NAME               STATUS  ROLES   AGE  VERSION     Ready   <none>  10m  v1.30.1      Ready   <none>  10m  v1.30.1     Ready   <none>  10m  v1.30.1

List the pods.

NAMESPACE     NAME                                       READY     STATUS    RESTARTS   AGE
kube-system   coredns-1187388186-ld1j7                   1/1       Running   0          11m
kube-system   coredns-1187388186-rdhf7                   1/1       Running   0          11m
kube-system   calico-node-1m5bf                          2/2       Running   0          11m
kube-system   calico-node-7jmr1                          2/2       Running   0          11m
kube-system   calico-node-bknc8                          2/2       Running   0          11m
kube-system   kube-apiserver-ip-            1/1       Running   0          11m
kube-system   kube-controller-manager-ip-   1/1       Running   0          11m
kube-system   kube-proxy-6kxjf                           1/1       Running   0          11m
kube-system   kube-proxy-fh3td                           1/1       Running   0          11m
kube-system   kube-proxy-k35rc                           1/1       Running   0          11m
kube-system   kube-scheduler-ip-            1/1       Running   0          11m

Going Further

Learn about maintenance and addons.


Check the source.


Name Description Example
cluster_name Unique cluster name (prepended to dns_zone) "nemo"
region Digital Ocean region "nyc1", "sfo2", "fra1", tor1"
dns_zone Digital Ocean domain (i.e. DNS zone) ""
os_image Fedora CoreOS image for instances "custom-image-id"
ssh_fingerprints SSH public key fingerprints ["d7:9d..."]

DNS Zone

Clusters create DNS A records ${cluster_name}.${dns_zone} to resolve to controller droplets (round robin). This FQDN is used by workers and kubectl to access the apiserver(s). In this example, the cluster's apiserver would be accessible at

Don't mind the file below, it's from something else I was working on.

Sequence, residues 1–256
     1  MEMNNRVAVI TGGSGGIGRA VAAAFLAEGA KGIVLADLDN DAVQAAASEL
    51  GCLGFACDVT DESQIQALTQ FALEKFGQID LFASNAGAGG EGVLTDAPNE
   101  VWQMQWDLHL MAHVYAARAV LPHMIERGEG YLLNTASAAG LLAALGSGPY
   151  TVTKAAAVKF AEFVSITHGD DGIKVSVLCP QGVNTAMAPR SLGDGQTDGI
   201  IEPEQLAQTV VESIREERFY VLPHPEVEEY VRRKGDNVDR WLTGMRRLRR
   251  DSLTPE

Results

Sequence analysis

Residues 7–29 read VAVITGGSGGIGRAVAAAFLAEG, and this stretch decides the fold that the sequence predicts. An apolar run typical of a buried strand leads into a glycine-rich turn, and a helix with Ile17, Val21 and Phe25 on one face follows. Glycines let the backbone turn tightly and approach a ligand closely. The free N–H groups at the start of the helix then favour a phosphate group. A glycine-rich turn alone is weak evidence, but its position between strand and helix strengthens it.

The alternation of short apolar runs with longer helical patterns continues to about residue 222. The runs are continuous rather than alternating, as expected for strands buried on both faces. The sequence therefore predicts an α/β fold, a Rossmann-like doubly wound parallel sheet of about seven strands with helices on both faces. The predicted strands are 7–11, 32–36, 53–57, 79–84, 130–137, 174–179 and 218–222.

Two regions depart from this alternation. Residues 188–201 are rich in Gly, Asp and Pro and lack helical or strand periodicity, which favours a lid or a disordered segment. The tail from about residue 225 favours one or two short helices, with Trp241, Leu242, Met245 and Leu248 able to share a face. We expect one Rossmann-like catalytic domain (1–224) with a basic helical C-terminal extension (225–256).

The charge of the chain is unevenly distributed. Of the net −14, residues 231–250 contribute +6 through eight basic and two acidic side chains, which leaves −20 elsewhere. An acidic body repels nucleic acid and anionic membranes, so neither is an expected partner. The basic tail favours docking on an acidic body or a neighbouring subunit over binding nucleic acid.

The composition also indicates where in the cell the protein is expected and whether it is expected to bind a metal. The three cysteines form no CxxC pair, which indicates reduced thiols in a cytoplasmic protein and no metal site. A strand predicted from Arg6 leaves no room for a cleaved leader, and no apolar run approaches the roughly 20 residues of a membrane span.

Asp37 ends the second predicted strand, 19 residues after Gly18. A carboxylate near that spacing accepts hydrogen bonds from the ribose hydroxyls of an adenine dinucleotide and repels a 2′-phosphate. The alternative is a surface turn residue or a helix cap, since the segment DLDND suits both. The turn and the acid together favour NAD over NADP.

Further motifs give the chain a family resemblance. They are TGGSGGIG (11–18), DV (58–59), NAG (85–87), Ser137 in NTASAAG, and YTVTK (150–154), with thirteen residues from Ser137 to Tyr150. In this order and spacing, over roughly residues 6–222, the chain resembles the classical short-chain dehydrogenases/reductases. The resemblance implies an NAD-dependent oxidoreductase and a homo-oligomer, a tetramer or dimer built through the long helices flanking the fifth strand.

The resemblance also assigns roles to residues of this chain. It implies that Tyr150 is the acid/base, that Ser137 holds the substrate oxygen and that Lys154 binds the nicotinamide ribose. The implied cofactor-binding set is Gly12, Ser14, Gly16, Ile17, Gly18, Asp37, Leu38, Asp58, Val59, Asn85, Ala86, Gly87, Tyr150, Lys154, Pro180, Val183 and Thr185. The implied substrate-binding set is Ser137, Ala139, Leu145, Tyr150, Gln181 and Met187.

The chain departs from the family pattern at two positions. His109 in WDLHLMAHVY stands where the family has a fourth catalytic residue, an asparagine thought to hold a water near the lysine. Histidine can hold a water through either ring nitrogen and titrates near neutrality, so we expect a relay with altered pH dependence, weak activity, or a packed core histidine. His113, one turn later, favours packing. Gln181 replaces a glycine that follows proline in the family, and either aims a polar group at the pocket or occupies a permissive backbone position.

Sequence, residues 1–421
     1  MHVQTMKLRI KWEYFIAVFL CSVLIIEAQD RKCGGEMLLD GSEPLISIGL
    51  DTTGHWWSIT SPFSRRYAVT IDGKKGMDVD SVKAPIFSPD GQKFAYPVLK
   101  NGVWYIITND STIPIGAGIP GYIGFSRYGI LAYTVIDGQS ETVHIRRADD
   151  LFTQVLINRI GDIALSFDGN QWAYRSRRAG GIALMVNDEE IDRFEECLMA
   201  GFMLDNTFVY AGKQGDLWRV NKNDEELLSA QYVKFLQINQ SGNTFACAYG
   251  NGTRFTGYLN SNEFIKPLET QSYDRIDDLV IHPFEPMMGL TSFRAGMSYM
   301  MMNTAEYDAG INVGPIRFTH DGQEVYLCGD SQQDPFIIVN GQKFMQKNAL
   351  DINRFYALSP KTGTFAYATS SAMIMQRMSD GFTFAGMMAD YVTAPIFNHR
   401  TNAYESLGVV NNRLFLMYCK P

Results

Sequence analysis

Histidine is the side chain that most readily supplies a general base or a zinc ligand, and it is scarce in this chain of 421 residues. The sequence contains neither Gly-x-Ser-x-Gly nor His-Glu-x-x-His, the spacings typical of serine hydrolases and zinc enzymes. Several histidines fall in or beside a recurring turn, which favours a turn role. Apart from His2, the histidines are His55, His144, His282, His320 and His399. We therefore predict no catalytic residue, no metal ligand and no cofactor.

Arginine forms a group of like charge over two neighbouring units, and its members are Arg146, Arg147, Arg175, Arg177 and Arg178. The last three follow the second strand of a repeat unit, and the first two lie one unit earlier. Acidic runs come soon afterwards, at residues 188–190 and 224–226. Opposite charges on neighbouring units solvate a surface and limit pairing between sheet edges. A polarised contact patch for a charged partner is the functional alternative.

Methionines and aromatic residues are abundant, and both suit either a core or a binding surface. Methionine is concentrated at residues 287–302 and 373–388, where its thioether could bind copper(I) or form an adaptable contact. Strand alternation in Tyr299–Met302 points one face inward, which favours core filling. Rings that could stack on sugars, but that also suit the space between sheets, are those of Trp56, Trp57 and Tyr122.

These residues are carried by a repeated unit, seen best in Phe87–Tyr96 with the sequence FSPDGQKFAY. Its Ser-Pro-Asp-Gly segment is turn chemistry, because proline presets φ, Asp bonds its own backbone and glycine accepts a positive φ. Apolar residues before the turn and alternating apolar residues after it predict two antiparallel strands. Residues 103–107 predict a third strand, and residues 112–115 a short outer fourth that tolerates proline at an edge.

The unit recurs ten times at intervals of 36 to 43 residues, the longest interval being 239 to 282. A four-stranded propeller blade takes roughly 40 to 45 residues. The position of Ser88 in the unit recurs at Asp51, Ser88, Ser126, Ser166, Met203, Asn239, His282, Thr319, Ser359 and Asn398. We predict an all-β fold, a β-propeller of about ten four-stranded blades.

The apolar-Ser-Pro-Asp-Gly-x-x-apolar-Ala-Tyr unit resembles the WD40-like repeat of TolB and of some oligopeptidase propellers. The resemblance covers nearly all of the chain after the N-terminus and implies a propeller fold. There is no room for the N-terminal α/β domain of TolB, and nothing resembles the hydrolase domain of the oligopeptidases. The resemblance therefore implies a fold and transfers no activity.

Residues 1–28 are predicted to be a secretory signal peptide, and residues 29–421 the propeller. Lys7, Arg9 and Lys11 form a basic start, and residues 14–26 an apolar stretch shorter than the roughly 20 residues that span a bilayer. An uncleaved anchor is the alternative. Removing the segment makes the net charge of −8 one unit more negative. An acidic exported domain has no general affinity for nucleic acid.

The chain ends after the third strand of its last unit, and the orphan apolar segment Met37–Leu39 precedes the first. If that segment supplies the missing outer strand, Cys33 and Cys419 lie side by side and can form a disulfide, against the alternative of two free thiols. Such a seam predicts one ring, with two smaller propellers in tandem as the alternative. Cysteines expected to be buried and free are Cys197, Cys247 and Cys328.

You'll need a registered domain name or delegated subdomain in DigitalOcean Domains (i.e. DNS zones). You can set this up once and create many clusters with unique names.

# Declare a DigitalOcean record to also create a zone file
resource "digitalocean_domain" "zone-for-clusters" {
  name       = ""
  ip_address = ""

If you have an existing domain name with a zone file elsewhere, just delegate a subdomain that can be managed on DigitalOcean (e.g. and update nameservers.

SSH Fingerprints

DigitalOcean droplets are created with your SSH public key "fingerprint" (i.e. MD5 hash) to allow access. If your SSH public key is at ~/.ssh/, find the fingerprint with,

ssh-keygen -E md5 -lf ~/.ssh/ | awk '{print $2}'

If you use ssh-agent (e.g. Yubikey for SSH), find the fingerprint with,

ssh-add -l -E md5
256 MD5:20:d0:eb:ad:50:b0:09:6d:4b:ba:ad:7c:9c:c1:39:24 (ED25519)

Digital Ocean requires the SSH public key be uploaded to your account, so you may also find the fingerprint under Settings -> Security. Finally, if you don't have an SSH key, create one now.


Name Description Default Example
controller_count Number of controllers (i.e. masters) 1 1
worker_count Number of workers 1 3
controller_type Droplet type for controllers "s-2vcpu-2gb" s-2vcpu-2gb, s-2vcpu-4gb, s-4vcpu-8gb, ...
worker_type Droplet type for workers "s-1vcpu-2gb" s-1vcpu-2gb, s-2vcpu-2gb, ...
controller_snippets Controller Butane snippets [] example
worker_snippets Worker Butane snippets [] example
networking Choice of networking provider "cilium" "calico" or "cilium" or "flannel"
pod_cidr CIDR IPv4 range to assign to Kubernetes pods "" ""
service_cidr CIDR IPv4 range to assign to Kubernetes services "" ""

Check the list of valid droplet types or use doctl compute size list.


Do not choose a controller_type smaller than 2GB. Smaller droplets are not sufficient for running a controller and bootstrapping will fail.